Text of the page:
All employees have a right to a written contract of employment, however many people are reluctant to sign a contract of employment because they are not sure what they are signing up to.
Here are some tips for things to look for when you are reviewing your contract of employment.
- Check that there are no blank spaces that should have been completed. If there are, ask HR or your manager to complete these and reissue.
- Seems straightforward, however check that your name, start date, pay, hours and job title are all correct. Very often you find typos in these areas as they are specific to each person.
- Your contract should state your rate of pay; either your hourly rate, a weekly wage or an annual salary amount and when this is paid.
- If there is reference made to an Employee Handbook or policies, check if they are contractual or not and further ask to see these if they have not been issued.
- If you have been promised something in an interview or offer letter, such as a bonus, ask that this is reflected in your contract of employment.
- Review any notice period you are required to give, it should be the same as the notice your employer is required to give you in the case they are terminating you.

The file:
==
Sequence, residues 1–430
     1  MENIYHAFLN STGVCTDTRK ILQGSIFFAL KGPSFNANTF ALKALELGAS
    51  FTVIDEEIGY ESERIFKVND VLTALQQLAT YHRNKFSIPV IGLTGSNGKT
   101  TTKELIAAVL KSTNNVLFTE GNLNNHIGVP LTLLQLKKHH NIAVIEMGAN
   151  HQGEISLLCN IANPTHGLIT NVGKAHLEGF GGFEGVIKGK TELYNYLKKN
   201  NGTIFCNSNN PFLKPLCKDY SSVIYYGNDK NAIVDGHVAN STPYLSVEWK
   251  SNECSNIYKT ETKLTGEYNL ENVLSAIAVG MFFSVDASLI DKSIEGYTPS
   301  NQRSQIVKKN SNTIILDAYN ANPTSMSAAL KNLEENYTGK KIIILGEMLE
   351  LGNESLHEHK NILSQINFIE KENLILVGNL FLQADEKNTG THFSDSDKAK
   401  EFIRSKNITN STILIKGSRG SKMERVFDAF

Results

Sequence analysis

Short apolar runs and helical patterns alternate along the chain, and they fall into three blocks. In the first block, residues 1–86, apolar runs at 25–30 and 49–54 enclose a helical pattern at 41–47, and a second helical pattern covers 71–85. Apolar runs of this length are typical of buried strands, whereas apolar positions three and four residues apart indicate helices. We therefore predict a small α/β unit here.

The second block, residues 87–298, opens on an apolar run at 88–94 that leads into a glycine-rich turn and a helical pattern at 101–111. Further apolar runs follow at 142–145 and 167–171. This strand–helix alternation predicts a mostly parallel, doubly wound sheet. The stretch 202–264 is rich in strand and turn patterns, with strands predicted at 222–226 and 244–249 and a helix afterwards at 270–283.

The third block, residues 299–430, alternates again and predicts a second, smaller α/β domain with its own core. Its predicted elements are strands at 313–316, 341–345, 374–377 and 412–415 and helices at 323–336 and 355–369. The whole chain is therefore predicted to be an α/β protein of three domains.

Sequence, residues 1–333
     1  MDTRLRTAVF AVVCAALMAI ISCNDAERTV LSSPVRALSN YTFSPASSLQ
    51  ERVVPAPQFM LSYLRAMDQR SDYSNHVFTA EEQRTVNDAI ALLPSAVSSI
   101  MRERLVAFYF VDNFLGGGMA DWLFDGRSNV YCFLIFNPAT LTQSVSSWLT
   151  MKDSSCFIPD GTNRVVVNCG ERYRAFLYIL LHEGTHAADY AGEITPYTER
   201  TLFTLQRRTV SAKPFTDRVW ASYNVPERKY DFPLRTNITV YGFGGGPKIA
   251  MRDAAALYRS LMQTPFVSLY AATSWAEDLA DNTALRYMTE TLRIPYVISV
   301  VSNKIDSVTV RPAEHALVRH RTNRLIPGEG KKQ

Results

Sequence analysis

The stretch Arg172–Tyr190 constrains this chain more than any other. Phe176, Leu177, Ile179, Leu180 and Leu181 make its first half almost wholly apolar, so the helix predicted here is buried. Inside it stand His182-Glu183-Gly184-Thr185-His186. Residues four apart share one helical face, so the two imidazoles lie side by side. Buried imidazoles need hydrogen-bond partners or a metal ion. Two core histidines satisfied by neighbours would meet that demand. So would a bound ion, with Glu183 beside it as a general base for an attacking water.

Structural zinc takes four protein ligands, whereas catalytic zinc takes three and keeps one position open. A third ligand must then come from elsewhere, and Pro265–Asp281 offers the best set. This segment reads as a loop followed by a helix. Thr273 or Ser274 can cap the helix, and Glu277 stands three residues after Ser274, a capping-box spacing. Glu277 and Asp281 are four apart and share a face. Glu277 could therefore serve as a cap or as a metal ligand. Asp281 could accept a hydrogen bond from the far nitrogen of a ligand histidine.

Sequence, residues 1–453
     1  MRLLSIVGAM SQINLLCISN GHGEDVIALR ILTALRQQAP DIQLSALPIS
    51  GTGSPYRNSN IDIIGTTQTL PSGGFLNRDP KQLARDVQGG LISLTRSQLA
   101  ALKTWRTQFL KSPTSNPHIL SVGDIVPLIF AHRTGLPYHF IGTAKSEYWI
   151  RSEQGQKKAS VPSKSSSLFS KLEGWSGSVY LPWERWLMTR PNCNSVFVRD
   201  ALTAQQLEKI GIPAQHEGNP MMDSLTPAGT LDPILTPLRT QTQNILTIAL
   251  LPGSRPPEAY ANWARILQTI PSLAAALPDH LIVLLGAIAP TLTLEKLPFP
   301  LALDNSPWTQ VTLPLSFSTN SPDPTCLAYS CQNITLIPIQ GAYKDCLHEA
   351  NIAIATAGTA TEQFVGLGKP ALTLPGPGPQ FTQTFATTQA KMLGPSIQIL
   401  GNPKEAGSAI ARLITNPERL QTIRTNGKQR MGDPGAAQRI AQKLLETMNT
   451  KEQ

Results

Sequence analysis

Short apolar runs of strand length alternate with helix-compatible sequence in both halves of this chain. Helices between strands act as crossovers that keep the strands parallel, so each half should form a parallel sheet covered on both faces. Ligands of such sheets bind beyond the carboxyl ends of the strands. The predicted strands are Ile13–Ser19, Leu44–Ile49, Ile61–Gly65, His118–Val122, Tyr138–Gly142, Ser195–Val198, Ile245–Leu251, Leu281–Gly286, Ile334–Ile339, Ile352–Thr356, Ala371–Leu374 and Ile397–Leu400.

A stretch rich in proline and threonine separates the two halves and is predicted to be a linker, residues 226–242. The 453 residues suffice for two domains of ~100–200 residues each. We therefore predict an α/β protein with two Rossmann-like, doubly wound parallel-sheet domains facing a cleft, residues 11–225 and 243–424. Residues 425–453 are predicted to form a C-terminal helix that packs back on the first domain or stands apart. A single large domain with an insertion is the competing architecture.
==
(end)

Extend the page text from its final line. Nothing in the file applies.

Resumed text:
- Check out if there is a probationary period and pay attention to this. Ask your manager once in role what their expectations around your probationary period are.
- Look to check that your contract of employment is up to date. A good legally compliant contract of employment should at least cover; job title, pay, hours of work, place of work, sickness and holiday pay, disciplinary and grievance procedures, pension and notice period. Oftentimes, contracts of employment are derived from templates and if any of these are missing it is unlikely the template has been reviewed in the last 10 years.
A good way to confirm how recently the contract of employment terms have been reviewed is by looking at the pension clause. It should mention that you will be automatically enrolled into a pension scheme in the pension clause, as this legal requirement that was introduced in recent years.
(Automatic enrolment is subject to earnings thresholds and other factors however, irrespective of your earnings the pension clause should still mention automatic enrolment even if it might not apply to you directly on your start date.)
If you have any questions about your rights on receiving a contract of employment, download the HR Solver app today to review our FAQ’s. You can also get advice from our HR Gurus via our messaging platform. https://hrsolver.co.uk
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